Processing the Images:
The Lens, Retina and Optic Nerve
After light passes through your pupil, it hits the lens in each eye. The lens isn’t visible from the outside, which is why it’s so vital to get regular eye exams. The lens is made of a clear, colorless substance that focuses those rays of light onto the back of your eye where the retina lies.
The retina acts like a screen in a movie theater, in that the scenes produced by the lens are played on it. In turn, the retina takes those millions of specks of light and turns them into messages, or nerve signals, that it then sends to your brain for translation. The optic nerve is the main line through which information is processed.
Pulling it All Together
To complete the parts of the eye that make vision possible, you have to give credit to the ciliary muscle inside your eyeball. This muscle changes the shape of your lens every time you look at something different. The vitreous body actually fills the greatest amount of space in your eye. It’s the jelly-like substance that forms the shape of your eyes and takes up two-thirds of the space in each socket.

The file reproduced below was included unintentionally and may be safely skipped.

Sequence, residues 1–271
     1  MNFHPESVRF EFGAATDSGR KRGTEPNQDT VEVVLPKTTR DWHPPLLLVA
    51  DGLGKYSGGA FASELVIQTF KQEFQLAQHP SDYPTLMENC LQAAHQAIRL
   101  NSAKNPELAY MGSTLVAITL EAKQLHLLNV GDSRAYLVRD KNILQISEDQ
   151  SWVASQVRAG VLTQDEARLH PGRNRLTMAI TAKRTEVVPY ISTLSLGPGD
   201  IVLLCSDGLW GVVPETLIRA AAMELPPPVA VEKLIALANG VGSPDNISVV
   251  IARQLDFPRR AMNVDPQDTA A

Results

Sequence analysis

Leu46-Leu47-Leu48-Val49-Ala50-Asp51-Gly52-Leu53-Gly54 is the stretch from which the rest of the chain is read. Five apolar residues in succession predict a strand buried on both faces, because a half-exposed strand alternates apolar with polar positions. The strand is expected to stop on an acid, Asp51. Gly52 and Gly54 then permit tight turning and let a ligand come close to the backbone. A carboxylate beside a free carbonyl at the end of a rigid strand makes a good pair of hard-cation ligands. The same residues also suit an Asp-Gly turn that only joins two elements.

The retina relies on close to 120 million rods and about seven million cones in each eye. Rods and cones are cells that help you discern color, as well as blacks and gray tones, as messages are processed on their way to the retina. All the components in your eyes, comprised of some two million working parts, coupled with the lubricating tears and protective lid and lashes, work together to provide you with a clear vision of your world.
When Everything Works
Most people give little thought to their eyes when they work well. Eyes are one of the first organs to develop in a fetus, beginning to take shape within two weeks of conception. Interestingly, your eyeballs remain the same size throughout your life. Your skull, ears and nose, on the other hand, continue to grow, which is why your eyes looked so big compared to the rest of your face when you were a child.
Your eyes are the second-most complex organ in your body, after your brain. Yet the average eye weighs only about an ounce, and just one-sixth of your eyeball is exposed. These amazing body parts, which bring the world into view, heal very quickly; a cornea scratch, for example, takes only about 48 hours to fully heal with proper care.